Is bad news good news with consumer reviews?

Recently I embarked on a mission to buy a new printer. I was sick and tired of the high cost of ink replacement for my recently purchased inkjet printer and the fact that even though I kept usage to a minimum, I still incurred replacement expense when the ink cartridges appeared to dry up and not perform. Like many folks I went straight to every PC magazine review I could find, and determined that a color laserjet made more sense as the toner didn’t dry up and if I was willing to pay a little more upfront, I’d pay less for operating expense. Once I narrowed down the fact that a color laser was in my future, I then narrowed down features I wanted and for the successful candidates I went to every site that sold or reviewed the models I was interested in and went directly to consumer reviews. There, I focused in on overall positives, but actually sorted to the negative reviews and comments and read every one and paid particular attention as to how they resembled my likely use scenario.

What I was struck by was how everybody simply wanted to share what they experienced, and be heard. I especially focused in on those negative experiences where someone had (or had not) reached out to the manufacturer and what their experience was in getting issues resolved. It was amazing that in those instances where manufacturers weighed in on consumer dissatisfaction, the detail of the issue were well documented, discussed and pro’s and con’s on both sides were played out in public. Even when an issue was not resolved, users appeared to appreciate the manufacturer’s willingness to listen and attempts to resolve the issue.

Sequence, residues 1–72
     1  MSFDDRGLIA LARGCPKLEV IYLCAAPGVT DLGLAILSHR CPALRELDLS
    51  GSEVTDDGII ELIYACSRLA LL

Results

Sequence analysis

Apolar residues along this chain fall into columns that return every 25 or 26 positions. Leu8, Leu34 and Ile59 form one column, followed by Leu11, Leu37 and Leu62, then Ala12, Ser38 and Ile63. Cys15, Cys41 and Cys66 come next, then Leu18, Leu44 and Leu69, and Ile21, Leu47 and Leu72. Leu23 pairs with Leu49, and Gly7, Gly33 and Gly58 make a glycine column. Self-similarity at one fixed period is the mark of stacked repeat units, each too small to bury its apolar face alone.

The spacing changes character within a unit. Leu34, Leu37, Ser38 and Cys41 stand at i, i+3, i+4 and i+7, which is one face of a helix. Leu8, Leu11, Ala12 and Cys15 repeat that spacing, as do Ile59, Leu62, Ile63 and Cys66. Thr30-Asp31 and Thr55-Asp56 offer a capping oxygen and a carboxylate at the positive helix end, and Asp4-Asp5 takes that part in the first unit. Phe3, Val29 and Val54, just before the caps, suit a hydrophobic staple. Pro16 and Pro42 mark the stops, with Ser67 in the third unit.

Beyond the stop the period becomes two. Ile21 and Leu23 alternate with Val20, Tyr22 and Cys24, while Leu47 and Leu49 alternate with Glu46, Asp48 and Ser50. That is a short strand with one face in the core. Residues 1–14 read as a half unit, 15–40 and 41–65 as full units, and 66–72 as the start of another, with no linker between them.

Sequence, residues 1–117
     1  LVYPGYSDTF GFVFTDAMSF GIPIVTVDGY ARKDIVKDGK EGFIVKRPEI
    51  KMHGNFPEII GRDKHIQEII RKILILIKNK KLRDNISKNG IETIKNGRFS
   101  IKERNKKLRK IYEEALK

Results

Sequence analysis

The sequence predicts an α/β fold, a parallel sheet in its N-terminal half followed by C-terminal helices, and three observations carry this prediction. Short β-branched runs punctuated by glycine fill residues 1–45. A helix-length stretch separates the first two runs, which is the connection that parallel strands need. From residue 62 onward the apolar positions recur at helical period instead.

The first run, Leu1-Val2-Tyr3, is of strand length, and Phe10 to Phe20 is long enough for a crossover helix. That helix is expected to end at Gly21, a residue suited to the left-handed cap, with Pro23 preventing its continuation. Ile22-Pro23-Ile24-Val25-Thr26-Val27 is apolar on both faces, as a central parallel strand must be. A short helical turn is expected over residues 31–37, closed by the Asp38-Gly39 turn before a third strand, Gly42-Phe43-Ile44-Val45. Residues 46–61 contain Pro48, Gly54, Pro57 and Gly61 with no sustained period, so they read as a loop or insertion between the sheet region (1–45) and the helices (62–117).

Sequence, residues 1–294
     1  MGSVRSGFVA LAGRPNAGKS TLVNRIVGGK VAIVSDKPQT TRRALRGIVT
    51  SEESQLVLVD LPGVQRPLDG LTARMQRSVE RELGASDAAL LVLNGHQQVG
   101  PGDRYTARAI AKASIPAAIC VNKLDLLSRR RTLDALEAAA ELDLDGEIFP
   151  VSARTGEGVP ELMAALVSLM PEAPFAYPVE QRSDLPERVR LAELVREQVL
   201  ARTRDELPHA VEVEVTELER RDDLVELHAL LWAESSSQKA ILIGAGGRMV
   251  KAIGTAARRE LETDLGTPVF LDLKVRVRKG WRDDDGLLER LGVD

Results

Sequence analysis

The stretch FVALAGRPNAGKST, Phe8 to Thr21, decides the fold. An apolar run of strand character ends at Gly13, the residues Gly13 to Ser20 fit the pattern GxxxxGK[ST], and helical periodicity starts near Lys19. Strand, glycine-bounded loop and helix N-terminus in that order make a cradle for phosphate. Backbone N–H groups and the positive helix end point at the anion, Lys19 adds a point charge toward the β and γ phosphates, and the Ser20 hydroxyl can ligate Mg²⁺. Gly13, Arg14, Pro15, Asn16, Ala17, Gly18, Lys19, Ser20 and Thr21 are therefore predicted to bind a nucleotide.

It reminded me of our business of managing adverse events for manufacturers and our need to do everything we can to be empathetic with consumers that have less than optimal experiences with a client’s product. First, they are reaching out to you in hopes of getting answers or help. Engaging the consumer to understand their experience is everything. It helps them, other consumers, and yes, the manufacturer. Even when it’s something that is critical or uncomfortable to hear, that engagement helps everybody better understand how a product is performing under the best and worst of circumstances. And ultimately, that helps everybody.

Rick brings over 30 years of professional experience to the SafetyCall team. His contributions are broad in the areas of clinical toxicology, pharmacology, poison control, product post-market surveillance, and drug and dietary supplement safety. He has helped to shape national policy relating to product safety in many areas and regulatory jurisdictions including, EPA, FDA, and CPSC regulated products. Rick also enjoys his academic affiliation with both the University of Minnesota College of Pharmacy and the University of Mississippi’s National Center for Natural Product Research, which is an FDA Center of Excellence. He enjoys national speaking engagements where he shares his vast knowledge of product stewardship including best practices related to adverse event post-marketing surveillance and regulatory reporting of incident data.

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